Celebrating 90 years with Silver Grill Cafe


The Silver Grill Cafe, located on Walnut Street in Old Town, is the oldest restaurant in Northern Colorado. Silver Grill provides a homey environment and is a master at comfort food from mouthwatering Cinnamon Rolls to savory Chicken Fried steak dinners.

Grant Coursey, Staff Reporter

Walking the streets of Old Town Fort Collins on a weekend morning, you might notice a line of people taking up space on Walnut Street. Summer or winter, rain or shine, there will be a morning line gathered around the unassuming brick building that houses one of Fort Collins’ most popular breakfast restaurants, the Silver Grill Cafe.

The Silver Grill Cafe is Fort Collins’ oldest operating restaurant and is celebrating its 90th anniversary this year, operating continuously since 1933.


While the times have marched on, technology has improved, and the restaurant has changed hands four times since its founding, it still has the same classic feel of a diner from ages past with its historic wood floors and hand-painted signs faintly visible on the brick walls. That classic feeling is the goal of owners Alan and Jackie Jantzen, Alan Jantzen said.

“To be surrounded by that (history), it reinforces what we wanted to bring to Silver Grill,” Alan Jantzen said. “Really allow people to come into this beautiful downtown space but feel like they stepped back 50, 60 years in time and have good homemade, handcrafted breakfast or lunch. It’s a cool feeling.”

The Silver Grill Cafe was started by Leonidas “Flossie” Widger, who sold it to his son in 1949. Flossie’s son sold the restaurant to John Arnolfo in 1979. Arnolfo ran the restaurant for the longest of any one owner, 42 years, and was responsible for the restaurant’s expansion into surrounding storefronts to create the space it inhabits today.

Arnolfo is also responsible for the creation of the Silver Grill’s most famous attraction, its delicious cinnamon rolls, which are baked fresh every night. 

Arnolfo invented the monster rolls in 1986 at the peak of the ’80s cinnamon roll craze. With no background in baking, the experience was largely a process of trial and error — the first attempts closer resembling hockey pucks than pasties.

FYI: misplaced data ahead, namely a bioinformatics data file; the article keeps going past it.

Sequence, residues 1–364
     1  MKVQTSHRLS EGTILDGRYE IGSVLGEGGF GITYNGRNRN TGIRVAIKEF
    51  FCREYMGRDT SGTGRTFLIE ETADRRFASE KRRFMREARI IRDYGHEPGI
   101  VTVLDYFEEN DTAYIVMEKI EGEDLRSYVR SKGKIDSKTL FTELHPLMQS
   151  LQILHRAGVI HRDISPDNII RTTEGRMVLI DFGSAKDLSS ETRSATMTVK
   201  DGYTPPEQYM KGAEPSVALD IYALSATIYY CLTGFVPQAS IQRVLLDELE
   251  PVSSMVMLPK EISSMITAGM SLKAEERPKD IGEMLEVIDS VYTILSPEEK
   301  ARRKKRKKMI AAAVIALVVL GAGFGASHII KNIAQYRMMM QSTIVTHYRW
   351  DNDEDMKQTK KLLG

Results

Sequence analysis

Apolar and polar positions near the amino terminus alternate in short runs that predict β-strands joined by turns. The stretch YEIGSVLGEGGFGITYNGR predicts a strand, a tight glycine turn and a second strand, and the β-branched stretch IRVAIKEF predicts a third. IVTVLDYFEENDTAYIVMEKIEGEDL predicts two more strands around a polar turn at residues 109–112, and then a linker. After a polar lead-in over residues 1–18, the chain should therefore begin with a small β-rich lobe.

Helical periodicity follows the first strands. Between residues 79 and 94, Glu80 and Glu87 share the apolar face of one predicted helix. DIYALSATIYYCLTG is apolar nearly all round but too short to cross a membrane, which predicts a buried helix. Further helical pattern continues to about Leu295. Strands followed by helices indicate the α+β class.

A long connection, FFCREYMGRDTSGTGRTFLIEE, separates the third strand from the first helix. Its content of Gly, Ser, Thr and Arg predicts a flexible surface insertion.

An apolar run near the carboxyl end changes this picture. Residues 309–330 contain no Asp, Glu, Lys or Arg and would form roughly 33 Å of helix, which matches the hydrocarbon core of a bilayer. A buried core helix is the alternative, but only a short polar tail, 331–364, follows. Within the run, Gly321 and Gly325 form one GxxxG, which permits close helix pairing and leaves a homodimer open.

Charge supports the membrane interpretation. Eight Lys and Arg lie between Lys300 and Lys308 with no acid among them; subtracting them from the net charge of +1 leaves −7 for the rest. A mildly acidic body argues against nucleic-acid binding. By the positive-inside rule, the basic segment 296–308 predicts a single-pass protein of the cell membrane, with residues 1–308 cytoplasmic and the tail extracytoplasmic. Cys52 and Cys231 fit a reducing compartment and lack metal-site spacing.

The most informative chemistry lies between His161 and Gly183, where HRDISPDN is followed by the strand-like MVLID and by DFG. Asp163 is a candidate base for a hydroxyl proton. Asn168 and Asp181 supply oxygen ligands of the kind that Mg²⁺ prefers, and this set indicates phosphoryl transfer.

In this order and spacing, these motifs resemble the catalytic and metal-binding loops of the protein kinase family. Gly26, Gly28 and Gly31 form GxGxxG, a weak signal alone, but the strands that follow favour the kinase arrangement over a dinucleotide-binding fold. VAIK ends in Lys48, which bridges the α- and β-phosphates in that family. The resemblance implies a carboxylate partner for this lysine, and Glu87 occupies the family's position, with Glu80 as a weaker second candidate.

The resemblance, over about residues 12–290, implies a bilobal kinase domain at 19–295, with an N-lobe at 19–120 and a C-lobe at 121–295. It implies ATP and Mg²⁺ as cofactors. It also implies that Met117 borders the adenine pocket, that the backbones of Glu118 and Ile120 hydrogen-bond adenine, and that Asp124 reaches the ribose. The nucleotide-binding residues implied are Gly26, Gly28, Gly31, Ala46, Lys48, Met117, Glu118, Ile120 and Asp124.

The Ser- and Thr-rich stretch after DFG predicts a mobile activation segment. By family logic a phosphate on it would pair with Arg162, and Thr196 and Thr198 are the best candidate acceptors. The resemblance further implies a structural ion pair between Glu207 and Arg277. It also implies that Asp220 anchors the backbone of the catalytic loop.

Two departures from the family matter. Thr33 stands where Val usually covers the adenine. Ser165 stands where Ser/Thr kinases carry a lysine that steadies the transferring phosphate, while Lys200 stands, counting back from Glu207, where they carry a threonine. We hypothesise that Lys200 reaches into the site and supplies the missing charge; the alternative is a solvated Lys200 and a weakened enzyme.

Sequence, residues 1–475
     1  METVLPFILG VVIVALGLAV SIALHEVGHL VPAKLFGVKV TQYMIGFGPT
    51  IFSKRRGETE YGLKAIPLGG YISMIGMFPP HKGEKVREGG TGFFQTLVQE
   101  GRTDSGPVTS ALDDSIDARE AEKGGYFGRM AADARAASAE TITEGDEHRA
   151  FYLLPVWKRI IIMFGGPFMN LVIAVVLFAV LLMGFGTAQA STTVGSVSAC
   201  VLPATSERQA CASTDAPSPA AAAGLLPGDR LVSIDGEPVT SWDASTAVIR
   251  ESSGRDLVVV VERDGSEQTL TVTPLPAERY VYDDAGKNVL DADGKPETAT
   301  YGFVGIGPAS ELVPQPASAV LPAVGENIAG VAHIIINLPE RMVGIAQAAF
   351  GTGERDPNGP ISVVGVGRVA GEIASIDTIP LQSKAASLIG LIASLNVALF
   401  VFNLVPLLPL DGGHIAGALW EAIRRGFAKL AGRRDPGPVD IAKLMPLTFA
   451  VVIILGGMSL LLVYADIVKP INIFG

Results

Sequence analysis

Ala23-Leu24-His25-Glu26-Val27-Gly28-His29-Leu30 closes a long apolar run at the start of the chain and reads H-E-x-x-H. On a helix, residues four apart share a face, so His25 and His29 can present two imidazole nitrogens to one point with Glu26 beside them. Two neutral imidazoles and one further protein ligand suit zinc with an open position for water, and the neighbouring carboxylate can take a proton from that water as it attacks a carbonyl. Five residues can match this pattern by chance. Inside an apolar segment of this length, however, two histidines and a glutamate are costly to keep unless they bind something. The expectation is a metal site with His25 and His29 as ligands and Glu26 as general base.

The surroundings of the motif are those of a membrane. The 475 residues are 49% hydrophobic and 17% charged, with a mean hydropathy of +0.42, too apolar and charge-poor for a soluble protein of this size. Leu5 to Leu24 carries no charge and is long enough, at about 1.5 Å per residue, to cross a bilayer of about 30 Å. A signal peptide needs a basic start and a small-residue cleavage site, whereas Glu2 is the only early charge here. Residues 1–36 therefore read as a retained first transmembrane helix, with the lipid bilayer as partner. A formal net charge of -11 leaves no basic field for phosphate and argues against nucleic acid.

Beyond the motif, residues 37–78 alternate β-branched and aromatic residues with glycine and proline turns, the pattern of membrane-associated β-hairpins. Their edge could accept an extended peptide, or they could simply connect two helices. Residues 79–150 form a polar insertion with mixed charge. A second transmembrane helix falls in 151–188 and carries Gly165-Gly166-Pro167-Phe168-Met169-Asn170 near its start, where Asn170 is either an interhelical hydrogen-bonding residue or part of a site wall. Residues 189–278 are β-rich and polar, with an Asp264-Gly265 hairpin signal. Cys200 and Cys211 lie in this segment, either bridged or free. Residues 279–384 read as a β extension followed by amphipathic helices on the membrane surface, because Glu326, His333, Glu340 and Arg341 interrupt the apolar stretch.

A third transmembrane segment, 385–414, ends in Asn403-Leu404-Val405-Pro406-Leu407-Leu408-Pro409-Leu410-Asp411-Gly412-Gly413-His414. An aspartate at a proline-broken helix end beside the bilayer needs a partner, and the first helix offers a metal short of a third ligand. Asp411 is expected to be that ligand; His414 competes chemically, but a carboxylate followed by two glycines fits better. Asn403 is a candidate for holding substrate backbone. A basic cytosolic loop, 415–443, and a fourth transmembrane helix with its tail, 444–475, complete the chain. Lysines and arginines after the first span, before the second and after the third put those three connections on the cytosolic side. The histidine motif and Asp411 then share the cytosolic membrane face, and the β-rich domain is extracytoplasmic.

Now the restaurant sells 10,000-12,000 rolls a month, Jantzen said.

Jantzen bought the restaurant in 2021 right in the middle of the COVID-19 pandemic and is still close friends with the previous owner, but his affection for the restaurant stems back to high school when he would eat there when traveling through Fort Collins.

Even before he bought the restaurant, Jantzen said he loved to pick up a cinnamon roll to take back to his office when he was in Old Town or to connect with friends over breakfast there.

“I worked (for) 30 years downtown,” Jantzen said. “I really worked there for 30 years so I could be here. That’s what I was doing. I didn’t know it at the time, but that’s what was going on.”


Jantzen said the restaurant feels like home when he eats there and that the atmosphere is due in no small part to the staff and their amazing work.

“The expectation of the restaurant is so great, and when people go away with a memory or a story to tell or they can’t wait to come back even if they are visiting, … there’s just a feeling,” Manager Theresa Wright said. “If you can send people away with that feeling and we didn’t disappoint them —they came here for that feeling and they are leaving with that feeling — that’s why I do what I do.”

The restaurant’s importance to the Fort Collins community is another driving force behind the staff’s commitment to the business.

After teaching preschool for two years, new hire and Fort Collins native Kodey Bakken said he was looking to get back into the restaurant industry, and the hometown feel of Silver Grill is what made him decide to apply for the job.

“I love it,” Bakken said. “It’s a great restaurant. Everyone here is super friendly. I already love the customers. I have already seen so many locals, people I know. Three of my former students came in here for breakfast today. I feel connected to the community working here, definitely.”

This commitment to community and quality service has created noticeable results with a near-constant line out the door and high praise from local regulars.

Al Underwood, ex-president of the Fort Collins Newcomers Club, a club designed to help new residents of Fort Collins get out and meet other newcomers, said the organization had been coming to breakfast at the restaurant twice a month for two years.

“They have been really nice to us,” Underwood said. “None of the restaurants locally take reservations for breakfast. But we tell them a day ahead that we are going to show up at 9 o’clock with 16 people, and they are always ready for us. They do a real nice job and help us out.”

Jantzen said he felt honored that Arnolfo was willing to sell him the restaurant a year and a half ago and was excited to celebrate the restaurant’s last 90 years while preparing it to run for another hundred.

Reach Grant Coursey at life@collegian.com or on Twitter @GrantCoursey.